A select few acts have gained the level of universal popularity and fame required to headline at a venue as immense and impersonal as Wembley Stadium. It is a venue that has played host to many icons of rock, including Queen, Metallica, Bruce Springsteen and Muse, and success here requires one of two things: either a set of flawless anthems tailor-made for sing-alongs, or a level of theatricality not normally seen outside the West End. Wembley is certainly a bold choice for The Killers and marks their largest ever headline show, but can they pull off the transition from playing arenas to being a fully-fledged stadium rock act?
First on tonight’s bill is James, a band who most of the audience know as the nineties one-hit wonders responsible for the infernally catchy number ‘Sit Down’. This perception is rather unfair on a band who’ve been performing for over 30 years and have sold around 25 million albums. Still, they battle against crowd apathy to deliver a set of 7 enjoyable and well performed songs, including the aforementioned hit. Ultimately, they manage to fill cavernous Wembley with sound and joy for the short time they perform, in spite of the fact that the stadium is barely half full, a fact that affable lead singer Tim Booth cheerfully acknowledges.
Next up to try their luck on Wembley’s hallowed stage are hotly tipped New Jersey rockers The Gaslight Anthem. They provide a contrast to James’s breezy brit-pop with their traditional American blue collar rock. They are clearly influenced by fellow Wembley alumni Bruce Springsteen and seem at home on the big stage, despite some sound system problems. They perform a set of true rock anthems, and are a joy to watch, with set highlights including the brilliant ‘59 Sound’ and the beautiful, atmospheric ‘The Backseat’, with lyrics that are perfectly evocative of summer road trips along endless, dusty American highways.
Finally, it is time for the Killers to take to the stage, and the packed stadium is at fever pitch. As they immediately open with the rock bombast of ‘When We Were Young’, it soon becomes clear which route to stadium success The Killers have chosen for their first stadium show. There is no theatrical prop spectacular here, only great rock songs the entire 90,000 strong crowd seem to know the words too. Charismatic and dynamic frontman Brandon Flowers has complete command of the crowd from the first notes he sings and bounds about the stage, obviously overjoyed to be there. So overjoyed, in fact, he’s even written a little song for Wembley, name checking the other acts that have played there. It’s a lovely moment, and Brandon’s happiness is infectious. Unfortunately, the same cannot be said of guitarist Dave Keuning, who seems like he can hardly keep awake while onstage. However, this is a minor quibble when he plays so well, and the driving sound of his guitar transforms already anthemic hits such as ‘Human’, ‘Spaceman’ and ‘All These Things That I’ve Done’ into stadium filling perfection.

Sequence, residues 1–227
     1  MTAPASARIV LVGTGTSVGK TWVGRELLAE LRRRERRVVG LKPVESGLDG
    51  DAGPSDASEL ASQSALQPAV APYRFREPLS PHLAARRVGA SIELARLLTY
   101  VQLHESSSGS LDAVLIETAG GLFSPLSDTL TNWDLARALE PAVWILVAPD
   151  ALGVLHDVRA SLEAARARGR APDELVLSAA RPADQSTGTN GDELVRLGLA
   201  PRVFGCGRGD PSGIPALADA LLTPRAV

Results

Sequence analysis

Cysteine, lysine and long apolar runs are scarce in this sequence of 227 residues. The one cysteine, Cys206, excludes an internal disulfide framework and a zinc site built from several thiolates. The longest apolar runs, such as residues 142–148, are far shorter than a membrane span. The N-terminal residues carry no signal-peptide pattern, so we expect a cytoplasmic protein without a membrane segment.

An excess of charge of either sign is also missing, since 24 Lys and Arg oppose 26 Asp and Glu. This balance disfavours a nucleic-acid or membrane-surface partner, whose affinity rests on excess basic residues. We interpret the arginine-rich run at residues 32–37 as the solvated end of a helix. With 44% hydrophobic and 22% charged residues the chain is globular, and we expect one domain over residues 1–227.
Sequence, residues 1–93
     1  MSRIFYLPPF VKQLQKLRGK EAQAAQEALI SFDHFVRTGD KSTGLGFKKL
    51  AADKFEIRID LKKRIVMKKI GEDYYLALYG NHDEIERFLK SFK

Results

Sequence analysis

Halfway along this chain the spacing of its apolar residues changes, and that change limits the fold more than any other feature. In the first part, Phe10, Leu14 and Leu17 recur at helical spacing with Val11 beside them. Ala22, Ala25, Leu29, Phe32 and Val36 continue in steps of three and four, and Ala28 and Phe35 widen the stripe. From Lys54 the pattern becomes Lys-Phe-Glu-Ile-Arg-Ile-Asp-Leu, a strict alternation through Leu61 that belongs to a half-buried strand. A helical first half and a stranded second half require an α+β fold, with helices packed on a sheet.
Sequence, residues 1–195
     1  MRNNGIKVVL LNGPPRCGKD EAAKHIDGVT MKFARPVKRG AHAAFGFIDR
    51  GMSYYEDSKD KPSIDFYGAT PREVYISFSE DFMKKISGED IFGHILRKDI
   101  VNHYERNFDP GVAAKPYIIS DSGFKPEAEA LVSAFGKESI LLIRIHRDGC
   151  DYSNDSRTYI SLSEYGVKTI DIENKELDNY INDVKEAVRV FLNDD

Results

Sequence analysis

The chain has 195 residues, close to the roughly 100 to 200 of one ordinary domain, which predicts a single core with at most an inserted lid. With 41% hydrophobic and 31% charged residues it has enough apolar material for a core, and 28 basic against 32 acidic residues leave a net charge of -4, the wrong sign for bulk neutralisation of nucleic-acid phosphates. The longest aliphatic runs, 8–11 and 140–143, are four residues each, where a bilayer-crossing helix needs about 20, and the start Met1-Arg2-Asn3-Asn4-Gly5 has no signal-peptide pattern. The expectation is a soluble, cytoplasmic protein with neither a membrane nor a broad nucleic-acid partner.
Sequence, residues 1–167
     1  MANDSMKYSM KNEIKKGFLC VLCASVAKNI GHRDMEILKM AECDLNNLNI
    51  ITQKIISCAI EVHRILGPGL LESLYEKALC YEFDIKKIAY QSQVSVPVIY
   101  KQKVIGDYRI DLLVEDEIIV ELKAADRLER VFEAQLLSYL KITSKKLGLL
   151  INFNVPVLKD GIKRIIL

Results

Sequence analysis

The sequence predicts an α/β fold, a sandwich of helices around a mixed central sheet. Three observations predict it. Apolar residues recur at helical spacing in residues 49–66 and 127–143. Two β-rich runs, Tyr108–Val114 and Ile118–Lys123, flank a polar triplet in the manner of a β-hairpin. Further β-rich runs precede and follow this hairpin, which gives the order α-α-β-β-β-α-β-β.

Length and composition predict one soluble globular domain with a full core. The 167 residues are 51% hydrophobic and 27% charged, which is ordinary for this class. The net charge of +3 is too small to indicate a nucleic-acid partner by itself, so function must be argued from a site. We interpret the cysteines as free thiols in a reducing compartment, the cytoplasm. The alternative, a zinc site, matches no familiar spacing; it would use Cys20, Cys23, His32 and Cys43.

The whole band performs flawlessly and there isn’t a single boring moment. The band even break out a cover of the wonderfully cheesy ‘I Think We’re Alone Now’, and manage to make it sound soaring and exciting, a feat a lesser band wouldn’t be able to even attempt. Newer material such as ‘Runaways’ and ‘Miss Atomic Bomb’ is met with the same level of joy from the frenzied crowd as old fan favourites, a rarity for a show of this size. As the encore draws to a close, with final song, ‘Mr Brightside’ and a burst of fireworks soaring high over Wembley, it is clear that The Killers have most definitely conquered stadium playing. Wembley may be their first stadium gig, but, on this performance, it certainly won’t be their last.